- The Washington Times
Tuesday, May 9, 2017

ANALYSIS/OPINION:

Man, comedy is taking a beating lately.

With a polarized America, late-night talk show hosts have decided to go hyperpolitical — and to skew uber-liberal. It’s a big change from the way it used to be.


When Johnny Carson was host of “The Tonight Show” from 1962 to 1992, he did thousands of political jokes. His target: Politicians — every one of them — presidents, lawmakers, Democrats, Republicans, it didn’t matter.

Why? Because politics is funny. Simple. And politicians are hilarious. From both parties! So, you think Rep. Nancy Pelosi is funny, but Sen. John McCain isn’t? You think Rep. Maxine Waters is ridiculous, but not Gov. Chris Christie? Politicians all are so full of themselves, clearly unaware of the meaning of “hubris,” convinced that they — and they alone — can save the nation. And that’s just funny.

But nowadays, late-night comedians have decided to mock half of its potential audience by bashing only Republicans. No one really knows why networks don’t say “Hey, you’re costing us viewers — which means you’re costing us money, so stop it.” But they don’t. They’re just fine with talk show hosts ripping half of America.

Look at today’s hosts. Jimmy Kimmel goes on a rant about how good Obamacare is — and how awful people are if they don’t think so. Stephen Colbert goes on a profanity-laced tirade targeting conservatives. Only Jimmy Fallon, the highly unworthy heir to Mr. Carson’s “Tonight Show” has steered clear of divisive nightly rants, although he’s being urged to be “more political” to catch up with Mr. Colbert’s ratings.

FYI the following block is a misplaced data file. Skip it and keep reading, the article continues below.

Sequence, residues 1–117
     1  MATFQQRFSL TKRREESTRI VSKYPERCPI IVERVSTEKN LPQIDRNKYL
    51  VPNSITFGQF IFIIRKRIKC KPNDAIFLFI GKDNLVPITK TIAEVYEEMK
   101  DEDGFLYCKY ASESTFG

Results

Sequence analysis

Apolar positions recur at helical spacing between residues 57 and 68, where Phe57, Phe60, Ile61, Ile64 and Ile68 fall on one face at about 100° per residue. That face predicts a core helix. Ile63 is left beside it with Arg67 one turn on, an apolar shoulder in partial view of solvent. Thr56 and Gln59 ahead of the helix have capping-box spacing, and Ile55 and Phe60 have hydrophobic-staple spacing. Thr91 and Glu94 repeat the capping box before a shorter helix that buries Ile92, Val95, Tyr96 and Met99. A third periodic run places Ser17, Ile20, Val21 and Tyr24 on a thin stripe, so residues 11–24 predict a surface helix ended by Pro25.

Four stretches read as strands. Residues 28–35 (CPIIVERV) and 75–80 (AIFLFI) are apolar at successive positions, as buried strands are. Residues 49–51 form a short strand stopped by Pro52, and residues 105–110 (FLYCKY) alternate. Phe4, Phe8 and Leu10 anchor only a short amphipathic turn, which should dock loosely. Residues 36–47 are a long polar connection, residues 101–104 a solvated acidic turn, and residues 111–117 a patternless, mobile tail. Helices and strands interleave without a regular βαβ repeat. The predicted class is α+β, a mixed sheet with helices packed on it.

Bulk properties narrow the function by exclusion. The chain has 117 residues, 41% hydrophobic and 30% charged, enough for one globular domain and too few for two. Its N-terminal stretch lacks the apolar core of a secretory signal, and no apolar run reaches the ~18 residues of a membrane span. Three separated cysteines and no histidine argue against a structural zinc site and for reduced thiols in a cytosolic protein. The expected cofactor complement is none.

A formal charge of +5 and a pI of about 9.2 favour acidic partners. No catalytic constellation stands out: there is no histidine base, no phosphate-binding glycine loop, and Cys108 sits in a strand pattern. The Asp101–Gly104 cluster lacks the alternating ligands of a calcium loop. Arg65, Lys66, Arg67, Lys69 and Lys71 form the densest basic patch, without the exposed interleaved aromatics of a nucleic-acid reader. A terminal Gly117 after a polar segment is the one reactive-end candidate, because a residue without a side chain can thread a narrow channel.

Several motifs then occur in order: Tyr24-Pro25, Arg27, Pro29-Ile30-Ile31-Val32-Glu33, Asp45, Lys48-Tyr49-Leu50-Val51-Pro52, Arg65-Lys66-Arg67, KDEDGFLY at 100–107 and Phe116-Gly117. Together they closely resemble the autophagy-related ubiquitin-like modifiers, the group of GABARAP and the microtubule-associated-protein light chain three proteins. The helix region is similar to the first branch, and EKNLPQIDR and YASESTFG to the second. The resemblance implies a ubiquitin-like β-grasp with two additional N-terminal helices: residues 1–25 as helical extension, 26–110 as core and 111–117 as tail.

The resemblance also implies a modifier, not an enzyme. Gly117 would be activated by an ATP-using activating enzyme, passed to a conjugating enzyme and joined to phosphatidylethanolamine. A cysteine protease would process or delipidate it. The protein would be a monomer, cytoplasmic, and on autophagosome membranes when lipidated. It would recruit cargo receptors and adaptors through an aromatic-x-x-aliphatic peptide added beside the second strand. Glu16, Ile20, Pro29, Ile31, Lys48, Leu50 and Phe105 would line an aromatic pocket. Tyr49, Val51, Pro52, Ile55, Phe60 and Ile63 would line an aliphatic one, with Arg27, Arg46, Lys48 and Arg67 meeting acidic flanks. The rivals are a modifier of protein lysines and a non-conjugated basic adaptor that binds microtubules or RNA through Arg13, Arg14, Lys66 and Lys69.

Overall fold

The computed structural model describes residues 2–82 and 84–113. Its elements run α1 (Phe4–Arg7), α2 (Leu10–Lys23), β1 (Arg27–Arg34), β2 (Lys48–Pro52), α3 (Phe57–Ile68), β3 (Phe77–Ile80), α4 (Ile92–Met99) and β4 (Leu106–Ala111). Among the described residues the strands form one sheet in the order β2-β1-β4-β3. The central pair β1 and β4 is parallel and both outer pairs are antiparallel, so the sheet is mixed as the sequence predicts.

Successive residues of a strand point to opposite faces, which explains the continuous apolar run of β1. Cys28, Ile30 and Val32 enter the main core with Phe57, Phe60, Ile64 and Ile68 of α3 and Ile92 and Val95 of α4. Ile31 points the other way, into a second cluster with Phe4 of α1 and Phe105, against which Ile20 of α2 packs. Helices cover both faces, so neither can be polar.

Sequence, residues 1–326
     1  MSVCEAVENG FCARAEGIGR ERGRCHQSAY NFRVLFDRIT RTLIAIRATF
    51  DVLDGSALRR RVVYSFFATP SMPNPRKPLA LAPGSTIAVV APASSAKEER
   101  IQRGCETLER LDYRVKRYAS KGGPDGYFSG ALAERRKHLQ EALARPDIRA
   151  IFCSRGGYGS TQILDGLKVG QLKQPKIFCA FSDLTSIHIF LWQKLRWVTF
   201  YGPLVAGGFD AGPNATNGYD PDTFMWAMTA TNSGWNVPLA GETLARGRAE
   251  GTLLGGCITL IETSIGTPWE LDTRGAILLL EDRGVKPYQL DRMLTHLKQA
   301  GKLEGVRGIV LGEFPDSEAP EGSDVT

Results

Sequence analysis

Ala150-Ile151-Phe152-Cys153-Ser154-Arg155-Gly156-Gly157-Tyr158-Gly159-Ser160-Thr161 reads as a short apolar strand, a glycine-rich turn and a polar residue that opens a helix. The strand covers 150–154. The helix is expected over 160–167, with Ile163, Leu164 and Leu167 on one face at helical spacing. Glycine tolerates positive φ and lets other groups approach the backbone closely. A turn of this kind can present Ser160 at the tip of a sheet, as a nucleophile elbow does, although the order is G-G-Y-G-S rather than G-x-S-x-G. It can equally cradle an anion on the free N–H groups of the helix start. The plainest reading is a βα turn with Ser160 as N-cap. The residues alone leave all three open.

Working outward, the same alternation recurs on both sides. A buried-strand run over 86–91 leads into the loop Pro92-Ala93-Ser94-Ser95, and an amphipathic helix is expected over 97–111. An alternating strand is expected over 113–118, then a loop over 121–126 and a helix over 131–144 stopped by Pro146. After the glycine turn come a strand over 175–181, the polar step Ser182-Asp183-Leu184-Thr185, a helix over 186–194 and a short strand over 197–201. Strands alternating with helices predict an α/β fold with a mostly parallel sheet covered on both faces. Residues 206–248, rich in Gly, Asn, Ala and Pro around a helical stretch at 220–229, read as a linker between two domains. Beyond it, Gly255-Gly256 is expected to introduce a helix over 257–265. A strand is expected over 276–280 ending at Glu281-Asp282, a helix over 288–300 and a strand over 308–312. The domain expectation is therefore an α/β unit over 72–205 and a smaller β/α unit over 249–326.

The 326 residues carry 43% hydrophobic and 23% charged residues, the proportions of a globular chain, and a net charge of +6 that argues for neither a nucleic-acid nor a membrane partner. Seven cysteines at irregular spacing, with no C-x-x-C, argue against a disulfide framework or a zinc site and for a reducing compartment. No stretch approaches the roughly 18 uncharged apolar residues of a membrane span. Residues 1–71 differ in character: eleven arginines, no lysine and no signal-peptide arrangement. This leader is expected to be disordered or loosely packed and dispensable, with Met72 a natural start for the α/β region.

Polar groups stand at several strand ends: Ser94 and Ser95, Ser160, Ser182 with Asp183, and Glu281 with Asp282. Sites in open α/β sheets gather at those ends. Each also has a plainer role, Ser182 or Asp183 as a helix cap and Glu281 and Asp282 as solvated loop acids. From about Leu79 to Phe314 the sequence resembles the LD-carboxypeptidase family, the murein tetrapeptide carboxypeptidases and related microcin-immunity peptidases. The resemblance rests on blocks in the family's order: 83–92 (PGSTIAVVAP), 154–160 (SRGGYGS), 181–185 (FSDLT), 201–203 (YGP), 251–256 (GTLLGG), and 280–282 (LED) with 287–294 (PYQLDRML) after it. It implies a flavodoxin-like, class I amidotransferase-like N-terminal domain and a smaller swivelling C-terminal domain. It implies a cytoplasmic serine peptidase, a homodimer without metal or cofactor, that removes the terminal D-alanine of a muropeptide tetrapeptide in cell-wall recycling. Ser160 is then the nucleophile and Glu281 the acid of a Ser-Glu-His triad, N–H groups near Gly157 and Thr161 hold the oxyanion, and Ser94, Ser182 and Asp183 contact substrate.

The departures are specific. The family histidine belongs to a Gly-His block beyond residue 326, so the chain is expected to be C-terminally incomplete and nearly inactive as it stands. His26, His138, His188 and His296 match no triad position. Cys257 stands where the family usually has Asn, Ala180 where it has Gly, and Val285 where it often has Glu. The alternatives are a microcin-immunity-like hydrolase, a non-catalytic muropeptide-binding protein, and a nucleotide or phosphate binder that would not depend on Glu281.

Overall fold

There are others, including Samantha Bee, host of “Full Frontal,” and Trevor Noah, host of “The Daily Show.” And there’s Jon Oliver, the very unfunny Brit on HBO’s “Last Week Tonight.” Target audience: Young liberals. Anyone else can, as Mr. Colbert might say, just @#&* off!

Over the weekend, Newt Gingrich, the former House speaker (and a really funny guy when you get to know him), said something’s gone terribly wrong with today’s entertainers.

“The problem you have with humor in America today is that Hollywood is so enraged at Donald Trump that they can’t be funny,” Mr. Gingrich said on “Fox News Sunday.”

“All they’ve got is pure anger. And that’s what’s coming out in this stuff,” he said.

Mr. Gingrich was spurred to comment after the profane rant Mr. Colbert delivered on Monday. “You’re not the POTUS, you’re the ‘gloat-us,’” Mr. Colbert said in a joke perhaps targeted at 12-year-olds.

But then he went after the adults. “Sir, you attract more skinheads than free Rogaine. You have more people marching against you than cancer You’re a real p–k-tator. The only thing your mouth is good for is being Vladimir Putin’s c—kholster,” Mr. Colbert said.

Mr. Gingrich said the new crop of hosts “think it must be funny because they’re called comedians.”

“So they exhibit their anger as almost a pathology on late-night television and you’re supposed to laugh because, after all, they’re comedians,” he said.

Regarding Mr. Kimmel, the speaker said the very sad story of his newborn son needing heart surgery — which the host claimed was only possible because of Obamacare — is “part of the left’s mythology” that doctors will not treat uninsured or under-insured people.

“You show up at a hospital with a brand-new baby and the brand-new baby has a heart problem, the doctors of that hospital do everything they can to save the baby,” he said, regardless of whether a patient has insurance.

Mr. Gingrich’s diagnosis of what ails today’s late-night hosts: “They ain’t funny ‘cause they’re too angry to be funny.”

Joseph Curl has covered politics for 25 years, including 12 years as White House correspondent at The Washington Times. He can be reached at josephcurl@gmail.com and on Twitter via@josephcurl.


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